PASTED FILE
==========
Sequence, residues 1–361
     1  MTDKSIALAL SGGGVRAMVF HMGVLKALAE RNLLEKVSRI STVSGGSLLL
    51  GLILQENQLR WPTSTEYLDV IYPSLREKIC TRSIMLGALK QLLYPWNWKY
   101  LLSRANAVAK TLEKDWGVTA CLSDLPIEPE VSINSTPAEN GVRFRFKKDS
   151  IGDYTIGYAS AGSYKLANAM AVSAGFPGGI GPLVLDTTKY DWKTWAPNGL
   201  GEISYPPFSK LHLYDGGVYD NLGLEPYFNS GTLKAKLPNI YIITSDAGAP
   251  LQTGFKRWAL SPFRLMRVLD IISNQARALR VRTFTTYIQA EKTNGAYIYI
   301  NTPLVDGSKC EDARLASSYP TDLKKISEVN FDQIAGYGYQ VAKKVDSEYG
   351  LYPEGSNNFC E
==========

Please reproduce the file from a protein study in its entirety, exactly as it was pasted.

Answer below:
Sequence, residues 1–361
     1  MTDKSIALAL SGGGVRAMVF HMGVLKALAE RNLLEKVSRI STVSGGSLLL
    51  GLILQENQLR WPTSTEYLDV IYPSLREKIC TRSIMLGALK QLLYPWNWKY
   101  LLSRANAVAK TLEKDWGVTA CLSDLPIEPE VSINSTPAEN GVRFRFKKDS
   151  IGDYTIGYAS AGSYKLANAM AVSAGFPGGI GPLVLDTTKY DWKTWAPNGL
   201  GEISYPPFSK LHLYDGGVYD NLGLEPYFNS GTLKAKLPNI YIITSDAGAP
   251  LQTGFKRWAL SPFRLMRVLD IISNQARALR VRTFTTYIQA EKTNGAYIYI
   301  NTPLVDGSKC EDARLASSYP TDLKKISEVN FDQIAGYGYQ VAKKVDSEYG
   351  LYPEGSNNFC E